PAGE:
San Francisco-based Kendo (part of the LVMH Group, the world’s leading luxury products group) focuses on the development of global beauty brands. through original concepts, collaborations and acquisitions, Kendo brings to market fresh, relevant and innovative brands. the Kendo team combines product development, marketing and operations expertise to redefine the beauty landscape with brands like Marc Jacobs Beauty, Kat Von D Beauty and Fenty Beauty by Rihanna. today, brands within the Kendo portfolio are distributed in 35 countries.

2018 Victoria’s Secret Fashion Show: Event returns to New York City; models announced

September 17, 2018

Victoria's Secret Angels
Victoria’s Secret Angels in 2016 (Photo by Michele Crowe/CBS)

The New York Post has reported that the 2018 Victoria’s Secret Fashion Show will return to New York City, after being in Shanghai in 2017 and Paris in 2016.

November 1, 2018 UPDATE: The 2018 Victoria’s Secret Fashion Show will take place November 7 with musical guests Bebe Rexha, The Chainsmokers, Halsey, Kelsea Ballerini, Rita Ora, Shawn Mendes and The Struts. ABC will televise “The Victoria’s Secret Fashion Show Holiday Special” on December 2 at 10 p.m. Eastern/Pacific Time.

These participating models have been announced:

  • Adriana Lima
  • Aiden Curtiss
  • Alanna Arrington
  • Alannah Walton
  • Alexina Graham
  • Barbara Fialho
  • Barbara Palvin
  • Behati Prinsloo
  • Bella Hadid
  • Candice Swanepoel
  • Cheyenne Carty
  • Cindy Bruna
  • Devon Windsor
  • Duckie Thot
  • Elsa Hosk
  • Estelle Chen
  • Frida Aasen
  • Georgia Fowler
  • Gigi Hadid
  • Gizele Oliveira
  • Grace Bol
  • Grace Elizabeth
  • Herieth Paul
  • Iesha Hodges
  • Isilda Moreira
  • Jasmine Tookes
  • Josephine Skriver
  • Josie Canseco
  • Jourdana Phillips
  • Kelly Gale
  • Kelsey Merritt
  • Kendall Jenner
  • Lais Ribeiro
  • Lameka Fox
  • Leomie Anderson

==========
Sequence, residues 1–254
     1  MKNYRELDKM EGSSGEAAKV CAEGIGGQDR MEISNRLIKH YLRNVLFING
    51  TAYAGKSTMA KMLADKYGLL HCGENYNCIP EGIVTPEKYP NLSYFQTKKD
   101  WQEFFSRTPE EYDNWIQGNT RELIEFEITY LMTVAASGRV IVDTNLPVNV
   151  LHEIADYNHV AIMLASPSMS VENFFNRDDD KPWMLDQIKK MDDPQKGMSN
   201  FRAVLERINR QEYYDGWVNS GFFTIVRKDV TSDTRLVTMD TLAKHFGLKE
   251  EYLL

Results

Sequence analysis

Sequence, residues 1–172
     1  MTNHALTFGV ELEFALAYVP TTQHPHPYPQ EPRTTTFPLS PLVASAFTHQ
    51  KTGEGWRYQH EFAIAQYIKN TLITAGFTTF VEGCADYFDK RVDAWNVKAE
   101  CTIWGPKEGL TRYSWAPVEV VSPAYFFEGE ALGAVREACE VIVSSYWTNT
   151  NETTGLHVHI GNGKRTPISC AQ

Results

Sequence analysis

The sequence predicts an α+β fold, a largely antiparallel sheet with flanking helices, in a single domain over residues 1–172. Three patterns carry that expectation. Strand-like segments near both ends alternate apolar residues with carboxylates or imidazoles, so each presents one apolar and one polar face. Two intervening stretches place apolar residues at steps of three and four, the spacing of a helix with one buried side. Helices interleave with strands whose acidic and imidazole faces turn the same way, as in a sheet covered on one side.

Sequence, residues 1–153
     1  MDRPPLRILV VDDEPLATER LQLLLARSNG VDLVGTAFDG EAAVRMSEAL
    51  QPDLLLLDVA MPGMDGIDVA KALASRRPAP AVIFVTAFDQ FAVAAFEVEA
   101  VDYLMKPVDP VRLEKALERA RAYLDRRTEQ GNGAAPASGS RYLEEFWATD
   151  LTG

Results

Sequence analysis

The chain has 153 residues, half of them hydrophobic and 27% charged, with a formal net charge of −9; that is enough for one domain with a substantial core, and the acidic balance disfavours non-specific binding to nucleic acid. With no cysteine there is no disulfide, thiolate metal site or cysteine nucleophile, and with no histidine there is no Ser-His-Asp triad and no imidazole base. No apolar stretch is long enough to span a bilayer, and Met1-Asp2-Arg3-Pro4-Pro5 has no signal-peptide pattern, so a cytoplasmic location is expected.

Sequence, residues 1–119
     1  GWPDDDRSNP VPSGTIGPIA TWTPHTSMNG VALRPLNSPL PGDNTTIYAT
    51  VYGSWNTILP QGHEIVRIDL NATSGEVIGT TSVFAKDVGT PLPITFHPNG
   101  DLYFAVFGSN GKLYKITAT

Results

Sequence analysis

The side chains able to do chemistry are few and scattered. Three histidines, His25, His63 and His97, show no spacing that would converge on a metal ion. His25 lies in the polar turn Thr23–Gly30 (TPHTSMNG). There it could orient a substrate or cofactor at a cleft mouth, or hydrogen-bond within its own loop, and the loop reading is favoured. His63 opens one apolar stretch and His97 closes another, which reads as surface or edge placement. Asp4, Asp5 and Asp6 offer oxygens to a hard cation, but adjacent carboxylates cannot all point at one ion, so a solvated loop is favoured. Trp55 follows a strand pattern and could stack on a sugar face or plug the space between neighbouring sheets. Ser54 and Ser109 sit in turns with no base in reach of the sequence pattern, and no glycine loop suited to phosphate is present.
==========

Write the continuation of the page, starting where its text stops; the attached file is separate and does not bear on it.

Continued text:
• Lorena Rae
  • Maggie Laine
  • Maia Cotton
  • Martha Hunt
  • Mayowa Nicholas
  • Megan Williams
  • Melie Tiacoh
  • Ming Xi
  • Myrthe Bolt
  • Nadine Leopold
  • Romee Strijd
  • Sadie Newman
  • Sara Sampaio
  • Shanina Shaik
  • Sofie Rovenstine
  • Stella Maxwell
  • Subah Koj
  • Sui He
  • Taylor Hill
  • Toni Garrn
  • Willow Hand
  • Winnie Harlow
  • Yasmin Wijnaldum
  • Zuri Tibby

Guess announces Paul Marciano’s resignation, settlements over sexual harassment claims

June 12, 2018

by Colleen McGregor

Fashion company Guess has announced that co-founder Paul Marciano has resigned as executive chairman, but he will remain on the company’s board of directors. In addition, Guess has revealed in a public filing that the company has reached non-confidential settlements totaling $500,000 with five unidentified individuals who have accused Marciano of inappropriate sexual conduct.

The news comes after Marciano was accused by several women, including supermodel Kate Upton, of sexual harassment, such as unwanted kissing, groping and sexually aggressive verbal and written communications where Marciano allegedly used his power to try to have sexual contact with women who were employed by Guess.  Upton went public with her allegations in February 2018, and her claims were corroborated by at least one witness. Marciano denied all the allegations, but he stepped down from day-to-day responsibilities after Upton went public with the allegations. Guess then said that it would conduct an internal investigation. The day that news broke of Upton’s accusation, Guess’ stock fell 18 percent.

According to Reuters: “Guess said its investigation found that Marciano on certain occasions exercised poor judgment in his communications with models and photographers.”

Paul’s brother Maurice Marciano has been named chairman of the board for Guess. Guess was founded in 1981 by brothers Georges, Armand, Maurice and Paul Marciano. Over the years, Guess has had several famous models and entertainers in its ad campaigns, including Claudia Schiffer, Upton, Anna Nicole Smith, Drew Barrymore, Adriana Lima, Paris Hilton, Amber Heard, Gigi Hadid, Jennifer Lopez and Camila Cabello.

Magnum x Alexander Wang launch ‘Take Pleasure Seriously’ campaign with Bella Hadid

May 10, 2018

Bella Hadid with Magnum x Alexander Wang cooler bag
Bella Hadid with Magnum x Alexander Wang cooler bag as part of Magnum’s “Take Pleasure Seriously” campaign. (Photo courtesy of Magnum Ice Cream)

The following is a press release from Magnum Ice Cream:

MAGNUM was joined at the CannesInternational Film Festival by designer Alexander Wang and supermodel Bella Hadid to launch their collaboration for MAGNUM’s “Take Pleasure Seriously” campaign. As part of the campaign, a short film starring Bella Hadid and Alexander Wang was created to celebrate the craft and quality that goes into creating the iconic range of ice creams. In addition, MAGNUM unveiled a MAGNUM X ALEXANDER WANG limited edition handmade cooler bag in celebration of the distinctive craft and expertise that both Alexander Wang and MAGNUM embody.